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Recent Examples on the Web: Noun The homeowner denied placing poison hot dogs on the lawn, Schlueter said. Sarah Freishtat, chicagotribune.com, "Morgan Park neighbors fear homeowner is placing hot dogs laced with poison on front lawn following dog dispute," 24 Apr. 2021 At a gala dinner alongside her new friends Marie (Jasmine Blackborow) and Nadia (Gabrielle Brooks), Alina has her meal checked for poison by an Otkazat'sya food taster. Nick Schager, EW.com, "Shadow and Bone binge-watch recap: Episodes 1-8," 23 Apr. 2021 About 7% of exposures occurred in teens 13 to 19, a group that otherwise accounts for only 3% of poison control calls. Anne Saker, The Enquirer, "Home hazards: More kids swallowed batteries in 2020; desk-toy magnets a rising problem again," 5 Apr. 2021 The American Society for the Prevention of Cruelty of Animals runs an animal poison control center, where pet owners call in with complaints about their pets being harmed. Jonathan Hettinger, USA TODAY, "Amazon is reviewing best-selling Seresto flea collar after reports of illnesses, deaths," 6 Mar. 2021 The scientists suspected that calcium may play a role in the action of the poison. Jennifer Frazer, Scientific American, "How a Carnivorous Mushroom Poisons Its Prey," 8 Apr. 2021 Basically, the saliva glands are serving up empty bowls, and venom glands are serving up bowls full of poison. Caroline Delbert, Popular Mechanics, "Humans Will Probably Evolve to Be Venomous," 30 Mar. 2021 Not hardcore drug use, but the presence of poison — a chemical found in eye drops. Peter Van Sant, CBS News, "S.C. nurse who fatally poisoned husband with eye drops: "I just wanted him to suffer"," 13 Mar. 2021 This plan, which went into effect in December, also allows people to shoot prairie dogs recreationally and expands the use of poison to prevent the rodents from encroaching onto ranching properties. Ula Chrobak, Popular Science, "The fight to save America’s most endangered mammal," 5 Mar. 2021 Recent Examples on the Web: Verb This became terrifyingly apparent recently in the small city of Oldsmar, Florida, where just this month a hacker breached the software at a water treatment plant in an attempt to poison the local water supply. Jeff Zindel, Forbes, "The Biggest Cybersecurity Threats That More People Should Be Talking About: Industrial Hacking And Hijacking," 11 Mar. 2021 Coal plant closures have continued to accelerate because economics clearly favor clean energy, and the public increasingly demands power sources that don't poison our air and threaten our health. CNN, "Bloomberg and Timmermans: Ending global coal subsidies will save lives," 18 Mar. 2021 But McKenna said the size of the bill that Democrats are set to pass could, in effect, poison the well with Republicans. Katherine Doyle, Washington Examiner, "Biden's bipartisan deal efforts 'were never going to work out'," 6 Mar. 2021 The announcement in early February that hackers attempted to poison the water supply in a small Florida city attracted the attention of Rinaldo Nazzaro, the founder of a violent white supremacist group called the Base. New York Times, "Far-Right Groups Are Splintering in Wake of the Capitol Riot," 1 Mar. 2021 In early February that plant manager’s unease became another’s reality when someone reportedly tried to poison the water supply in the Gulf Coast city of Oldsmar, Fla. Dave Weinstein, WSJ, "Hackers May Be Coming for Your City’s Water Supply," 26 Feb. 2021 The Soviet-era Novichok nerve agent was used to poison Navalny. Mica Soellner, Washington Examiner, "Russia threatens to jail Kremlin critic Alexei Navalny if he does not immediately return," 28 Dec. 2020 The administration will be less optimistic about having an early impact on Vladimir Putin’s government, which first tried to poison, and then jailed, opposition politician Alexei Navalny. Ned Temko, The Christian Science Monitor, "Biden pushes democracy abroad as a matter of national security," 18 Feb. 2021 Federal investigators are trying to hunt down the person who tried to poison a public water supply — remotely. Jeff Pegues, CBS News, "Feds tracking down hacker who tried to poison Florida town's water supply," 9 Feb. 2021 Recent Examples on the Web: Adjective Behavior and reproduction Most frogs are nocturnal, but not poison frogs. National Geographic, "Dyeing poison frog," 28 Feb. 2020 Some farmers even intentionally poison cranes to stop them from foraging in their crops. National Geographic, "Gray crowned crane," 10 Feb. 2020 Field biologist Andrius Pašukonis, who researches poison frog homing behavior in the wild and was not involved in this study, is excited about the results and hopes to see more work done on these and other species. Geetha Iyer, National Geographic, "This surprisingly smart frog makes maps in its mind," 25 July 2019 Ken said, battling through the foliage before realizing most of it was poison ivy. Elisabeth Egan, chicagotribune.com, "Algren Award finalist: "Errata" by Carol Keeley," 10 June 2017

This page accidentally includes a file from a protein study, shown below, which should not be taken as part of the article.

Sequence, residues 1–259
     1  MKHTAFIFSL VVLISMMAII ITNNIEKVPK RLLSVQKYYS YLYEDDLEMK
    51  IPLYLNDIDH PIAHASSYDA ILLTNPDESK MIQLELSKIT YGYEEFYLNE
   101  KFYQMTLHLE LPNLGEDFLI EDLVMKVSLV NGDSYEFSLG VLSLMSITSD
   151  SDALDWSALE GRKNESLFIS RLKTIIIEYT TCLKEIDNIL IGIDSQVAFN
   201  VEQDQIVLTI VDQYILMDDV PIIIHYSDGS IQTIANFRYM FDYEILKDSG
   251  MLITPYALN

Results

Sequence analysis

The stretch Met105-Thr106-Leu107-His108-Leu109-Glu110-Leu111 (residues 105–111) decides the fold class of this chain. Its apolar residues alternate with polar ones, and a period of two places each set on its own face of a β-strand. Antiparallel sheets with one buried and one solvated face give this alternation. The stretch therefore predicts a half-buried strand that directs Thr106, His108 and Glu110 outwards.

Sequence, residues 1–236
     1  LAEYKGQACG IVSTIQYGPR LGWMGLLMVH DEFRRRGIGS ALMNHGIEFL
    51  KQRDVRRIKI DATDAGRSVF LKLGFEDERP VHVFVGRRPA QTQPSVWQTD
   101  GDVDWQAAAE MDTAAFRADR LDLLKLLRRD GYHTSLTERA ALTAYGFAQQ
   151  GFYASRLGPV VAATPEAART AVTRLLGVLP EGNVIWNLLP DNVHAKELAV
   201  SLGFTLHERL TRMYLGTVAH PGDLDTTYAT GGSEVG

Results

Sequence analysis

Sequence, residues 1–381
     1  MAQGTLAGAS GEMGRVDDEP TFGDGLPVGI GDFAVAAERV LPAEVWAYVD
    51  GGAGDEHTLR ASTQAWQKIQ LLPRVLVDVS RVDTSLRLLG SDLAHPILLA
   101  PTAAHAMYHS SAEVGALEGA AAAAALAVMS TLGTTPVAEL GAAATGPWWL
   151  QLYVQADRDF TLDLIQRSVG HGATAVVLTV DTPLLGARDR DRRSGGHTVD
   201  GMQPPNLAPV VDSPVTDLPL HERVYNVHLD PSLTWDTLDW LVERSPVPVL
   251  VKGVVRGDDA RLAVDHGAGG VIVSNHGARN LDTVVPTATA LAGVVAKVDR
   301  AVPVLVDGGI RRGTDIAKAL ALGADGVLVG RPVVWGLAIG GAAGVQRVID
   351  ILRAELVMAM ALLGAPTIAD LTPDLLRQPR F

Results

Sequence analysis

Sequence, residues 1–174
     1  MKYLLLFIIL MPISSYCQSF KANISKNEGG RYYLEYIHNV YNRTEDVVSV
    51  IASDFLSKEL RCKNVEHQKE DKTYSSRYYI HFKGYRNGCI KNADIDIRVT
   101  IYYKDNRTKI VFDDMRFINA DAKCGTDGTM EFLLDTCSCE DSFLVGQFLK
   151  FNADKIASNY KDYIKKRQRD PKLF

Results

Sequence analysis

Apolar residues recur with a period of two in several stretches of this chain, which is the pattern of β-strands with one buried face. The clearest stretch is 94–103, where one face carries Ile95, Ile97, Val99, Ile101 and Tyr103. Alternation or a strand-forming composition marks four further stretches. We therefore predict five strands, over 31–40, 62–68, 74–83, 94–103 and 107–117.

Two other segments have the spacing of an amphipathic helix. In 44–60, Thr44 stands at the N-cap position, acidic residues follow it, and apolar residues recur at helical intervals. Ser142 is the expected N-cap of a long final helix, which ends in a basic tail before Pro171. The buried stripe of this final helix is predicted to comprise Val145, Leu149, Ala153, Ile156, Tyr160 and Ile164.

These example sentences are selected automatically from various online news sources to reflect current usage of the word 'poison.' Views expressed in the examples do not represent the opinion of Merriam-Webster or its editors. Send us feedback.